Justice Department Criminal Division Acting Assistant Attorney General David O'Neil. / Chip Somodevilla, Getty Images
WASHINGTON - Law enforcement authorities announced the arrests Tuesday of 90 people, including 16 doctors, linked to alleged Medicare fraud schemes across the nation involving an estimated $260 million in false billings to the taxpayer-funded program.
Much of the enforcement action was centered in Miami, where 50 people were charged with fraudulent billings for home health care, mental health and pharmacy services worth an estimated $65.5 million.
In one of the Miami cases, two suspects were charged in a $23 million scheme in which the defendants solicited kickbacks from a pharmacy owner for providing Medicare beneficiary information. That data was then used to bill for drugs that were never dispensed.
"The crimes charged represent the face of health care fraud today,'' Acting Assistant Attorney General David O'Neil said. "Doctors billing for services that were never rendered, supply companies providing motorized wheelchairs that were never needed, recruiters paying kickbacks to get Medicare billing numbers of patients.
"The fraud was rampant, it was brazen and it permeated every part of the Medicare system,'' he said.
The enforcement action was the seventh such sweep involving the government's Medicare Fraud Strike Force since 2009. The unit was formed by the Justice Department and the Department of Health and Human Services.
"Medicare is a sacred compact with our nation's seniors, and to protect it, we must remain aggressive in combating fraud,'' Attorney General Eric Holder said, adding that the arrests were necessary to "ensure the integrity of essential health care programs.''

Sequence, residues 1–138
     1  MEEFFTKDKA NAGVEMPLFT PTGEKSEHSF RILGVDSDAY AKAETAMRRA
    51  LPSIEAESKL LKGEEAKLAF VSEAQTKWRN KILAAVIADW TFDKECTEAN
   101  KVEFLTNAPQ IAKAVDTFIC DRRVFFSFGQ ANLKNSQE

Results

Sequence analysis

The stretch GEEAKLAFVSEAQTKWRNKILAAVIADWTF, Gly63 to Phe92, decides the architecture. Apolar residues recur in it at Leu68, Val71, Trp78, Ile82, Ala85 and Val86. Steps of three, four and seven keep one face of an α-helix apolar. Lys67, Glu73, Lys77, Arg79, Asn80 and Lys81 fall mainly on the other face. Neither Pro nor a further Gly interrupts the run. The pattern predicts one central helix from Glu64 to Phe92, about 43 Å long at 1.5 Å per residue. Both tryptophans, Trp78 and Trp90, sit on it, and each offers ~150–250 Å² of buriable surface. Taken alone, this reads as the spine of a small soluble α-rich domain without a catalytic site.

Said HHS Secretary Kathleen Sebelius: "Today, we're sending a strong, clear message to anyone seeking to defraud Medicare. You will get caught and you will pay the price ...''
Of the 16 doctors involved in the suspected fraud, five were Houston-area physicians accused in a conspiracy to bill for "medically unnecessary'' home health services.
In Los Angeles, one doctor was charged with $24 million in Medicare losses related to fraudulent billings and referrals for medical equipment, including 1,000 wheelchairs that also were not medically necessary and "frequently not provided.''
Multiple arrests also were made in Detroit, Brooklyn and Tampa.
In one of the Tampa-based investigations, five people were charged in an alleged money laundering operation in which bills were submitted using the names of Miami-area beneficiaries for services reportedly provided nearly 300 miles away in Tampa-area clinics.
In Brooklyn, Dr. Syed I. Ahmed allegedly submitted $85 million in bills to Medicare over three years, from January 2011 to December 2013 for surgeries that never occurred, according to court documents. Nearly $27 million was submitted to Medicare in 2012 alone.
Contributing: Meghan Hoyer
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